This court concludes that the defendant here has not provided any "persuasive data" that the Illinois Supreme Court would reject Henon's conclusion and instead apply section 13-202's two-year limitations period to retaliatory discharge actions. As the following sections demonstrate, section 13-202 is inappropriate for retaliatory discharge actions because Illinois courts have limited the reach of section 13-202 to direct physical injuries; furthermore, section 13-205 is appropriate in this case because retaliatory discharge is a tort arising out of a contractual relationship, and such torts are governed by the five-year statute of limitations.

 B. Direct Physical Injury Under Section 13-202

 Illinois courts uniformly have interpreted the phrase "injury to the person" in section 13-202 as applying only to direct physical injuries:


Applying the familiar principle that the statute does not bar a cause of action unless it comes clearly within its provisions, we are of the opinion that the section relied upon [the precursor to section 13-202] is not broad enough to include the present case. The cause of action for an injury to the person which is barred in two years is limited to a direct physical injury to the person.

 Bassett v. Bassett, 20 Ill. App. 543, 548 (1886) (emphasis added); see, e.g., Mitchell v. White Motor Co., 58 Ill. 2d 159, 162-63, 317 N.E.2d 505, 506 (1974) (loss of consortium not direct physical injury and, therefore, falls under residual clause of section 13-205); *fn4" Neikirk v. Central Ill. Light Co., 128 Ill. App. 3d 1069, 1072, 471 N.E.2d 1027, 1028-29, 84 Ill. Dec. 261 (1984); Jones v. Siesennop, 55 Ill. App. 3d 1037, 1040, 371 N.E.2d 892, 895, 13 Ill. Dec. 800 (1977); Schreiber v. Eastern Airlines Inc., 38 Ill. App. 3d 556, 558, 348 N.E.2d 218, 220 (1976); Doerr v. Villate, 74 Ill. App. 2d 332, 337-38, 220 N.E.2d 767, 770 (1966) (woman's malpractice action against medical doctor who failed to sterilize her husband based on breach of contract and, therefore, falls under section 13-205); Shedd v. Patterson, 230 Ill. App. 553, 556-57 (1923) (malicious prosecution), aff'd, 312 Ill. 371, 144 N.E. 5 (1924); Denslow v. Hutchinson, 152 Ill. App. 502 (1910); see also Gladich, 703 F. Supp. at 1334; Johnson, 624 F. Supp. at 1071-73; Shorters v. City of Chicago, 617 F. Supp. 661, 664-65 (N.D. Ill. 1985), overruled in part on other grounds, Kalimara, 879 F.2d at 277 (reversing district court's decision that section 13-205's five-year period applied to § 1983 actions; two-year period of section 13-202 applied instead); Hockett v. American Airlines Inc., 357 F. Supp. 1343-45 (N.D. Ill. 1973); cf. Jarvis v. Stone, 517 F. Supp. 1173, 1176 (N.D. Ill. 1981) (interpreting same language ("injury to the person") in survival act); Mattyasovszky v. West Towns Bus Co., 21 Ill. App. 3d 46, 54, 313 N.E.2d 496, 502 (1974) (same), aff'd, 61 Ill. 2d 31, 330 N.E.2d 509 (1975). But cf. Anton v. Lehpamer, 787 F.2d 1141, 1142 (7th Cir. 1986) (applying § 13-202 to all § 1983 actions, despite lack of physical injury).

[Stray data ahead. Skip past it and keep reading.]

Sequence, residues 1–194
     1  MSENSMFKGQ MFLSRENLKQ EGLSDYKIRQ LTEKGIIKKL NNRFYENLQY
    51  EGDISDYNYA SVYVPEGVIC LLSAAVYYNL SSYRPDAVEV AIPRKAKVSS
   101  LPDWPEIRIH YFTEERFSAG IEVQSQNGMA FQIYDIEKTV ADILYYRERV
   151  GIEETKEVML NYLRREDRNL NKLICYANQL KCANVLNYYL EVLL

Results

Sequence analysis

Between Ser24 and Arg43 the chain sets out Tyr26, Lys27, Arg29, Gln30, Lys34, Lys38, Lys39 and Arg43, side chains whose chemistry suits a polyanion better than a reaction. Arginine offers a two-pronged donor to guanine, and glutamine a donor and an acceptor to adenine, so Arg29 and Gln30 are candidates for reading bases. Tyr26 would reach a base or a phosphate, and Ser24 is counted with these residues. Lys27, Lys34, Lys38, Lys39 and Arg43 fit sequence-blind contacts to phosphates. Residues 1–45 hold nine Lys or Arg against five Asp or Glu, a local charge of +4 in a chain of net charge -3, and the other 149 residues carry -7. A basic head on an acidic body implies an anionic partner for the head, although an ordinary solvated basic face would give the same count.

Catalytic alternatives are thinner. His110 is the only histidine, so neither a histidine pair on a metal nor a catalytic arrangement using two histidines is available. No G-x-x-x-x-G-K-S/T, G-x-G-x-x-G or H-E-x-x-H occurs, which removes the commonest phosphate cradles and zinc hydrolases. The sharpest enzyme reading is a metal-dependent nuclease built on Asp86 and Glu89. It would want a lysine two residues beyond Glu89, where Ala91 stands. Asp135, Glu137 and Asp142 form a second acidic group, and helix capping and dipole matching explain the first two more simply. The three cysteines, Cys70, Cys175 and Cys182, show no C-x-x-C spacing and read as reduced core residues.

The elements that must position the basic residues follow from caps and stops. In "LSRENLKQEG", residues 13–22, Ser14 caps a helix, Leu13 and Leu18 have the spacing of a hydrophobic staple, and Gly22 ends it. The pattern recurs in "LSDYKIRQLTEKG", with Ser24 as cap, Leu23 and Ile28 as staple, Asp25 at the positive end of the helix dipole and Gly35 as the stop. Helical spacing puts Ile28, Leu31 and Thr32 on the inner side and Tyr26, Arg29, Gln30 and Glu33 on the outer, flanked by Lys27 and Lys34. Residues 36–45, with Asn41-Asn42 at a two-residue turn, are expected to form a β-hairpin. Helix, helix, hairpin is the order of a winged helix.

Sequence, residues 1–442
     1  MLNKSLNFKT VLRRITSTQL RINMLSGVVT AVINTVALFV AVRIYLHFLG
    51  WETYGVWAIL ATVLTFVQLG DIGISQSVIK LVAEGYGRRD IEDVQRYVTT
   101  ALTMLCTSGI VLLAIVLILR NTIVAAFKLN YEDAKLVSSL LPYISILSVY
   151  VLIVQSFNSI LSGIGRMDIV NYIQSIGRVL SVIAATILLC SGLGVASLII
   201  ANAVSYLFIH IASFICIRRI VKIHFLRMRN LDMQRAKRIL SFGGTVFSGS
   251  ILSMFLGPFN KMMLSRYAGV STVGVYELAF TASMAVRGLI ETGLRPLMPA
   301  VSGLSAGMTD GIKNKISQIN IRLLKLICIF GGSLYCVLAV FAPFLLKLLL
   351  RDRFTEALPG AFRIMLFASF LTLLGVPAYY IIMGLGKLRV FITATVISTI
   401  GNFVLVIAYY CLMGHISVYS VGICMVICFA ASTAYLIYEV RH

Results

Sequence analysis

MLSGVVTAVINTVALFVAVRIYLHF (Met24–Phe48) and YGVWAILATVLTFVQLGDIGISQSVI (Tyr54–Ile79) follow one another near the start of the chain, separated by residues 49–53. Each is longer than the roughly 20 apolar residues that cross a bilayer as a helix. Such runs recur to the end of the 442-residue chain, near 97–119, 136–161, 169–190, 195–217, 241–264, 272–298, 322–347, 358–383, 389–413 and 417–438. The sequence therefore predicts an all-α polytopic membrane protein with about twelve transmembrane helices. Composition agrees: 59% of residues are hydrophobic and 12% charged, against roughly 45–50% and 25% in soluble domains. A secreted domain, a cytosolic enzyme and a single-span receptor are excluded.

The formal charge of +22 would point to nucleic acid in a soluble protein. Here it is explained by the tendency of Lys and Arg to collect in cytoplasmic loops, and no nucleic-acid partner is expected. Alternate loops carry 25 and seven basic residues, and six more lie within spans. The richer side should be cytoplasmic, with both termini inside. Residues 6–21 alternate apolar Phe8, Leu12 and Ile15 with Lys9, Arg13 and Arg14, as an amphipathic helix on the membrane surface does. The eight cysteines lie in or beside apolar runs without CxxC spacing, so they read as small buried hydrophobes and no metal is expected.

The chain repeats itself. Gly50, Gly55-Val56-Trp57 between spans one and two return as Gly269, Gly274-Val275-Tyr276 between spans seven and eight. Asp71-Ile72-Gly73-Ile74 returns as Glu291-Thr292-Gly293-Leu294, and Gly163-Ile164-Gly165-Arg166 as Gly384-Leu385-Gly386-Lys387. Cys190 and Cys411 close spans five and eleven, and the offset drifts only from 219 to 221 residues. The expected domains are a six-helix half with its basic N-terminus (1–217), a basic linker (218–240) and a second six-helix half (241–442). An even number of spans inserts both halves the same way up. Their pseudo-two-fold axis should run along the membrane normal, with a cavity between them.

In part, these courts reason that since torts such as false imprisonment and malicious prosecution are listed separately in the same statute, they are not encompassed by the phrase "injury to the person":


If [the phrase] were intended to include all injuries to personal and relative rights, the legislature would not have considered it necessary in the same act to provide specially for a period of time in which an action should be brought for many of the injuries to such rights. Thus actions to recover damages for slander and libel, false imprisonment, malicious prosecution, abduction, seduction and criminal conversation, are expressly provided for, showing the clear intent of the legislature to limit "injuries to the person" to those of a physical nature.

 Bassett, 20 Ill. App. at 548 (emphasis added). Accordingly, tort claims for injuries to intangible rights, if not specifically mentioned in section 13-202 or in another statute, fall within section 13-205's residuary language of "all civil actions not otherwise provided for" and, therefore, are governed by a five-year statute of limitations. Gladich, 703 F. Supp. at 1334 (citing Henon); Johnson, 624 F. Supp. at 1072 (citing Henon); see e.g Rozny v. Marnul, 43 Ill. 2d 54, 250 N.E.2d 656 (1969) (tortious misrepresentation); Bates v. Bates Machinery Co., 230 Ill. 619, 82 N.E. 911 (1907) (fraud and deceit); Dolce v. Gamberdino, 60 Ill. App. 3d 124, 376 N.E.2d 273, 17 Ill. Dec. 274 (1978) (attorney malpractice).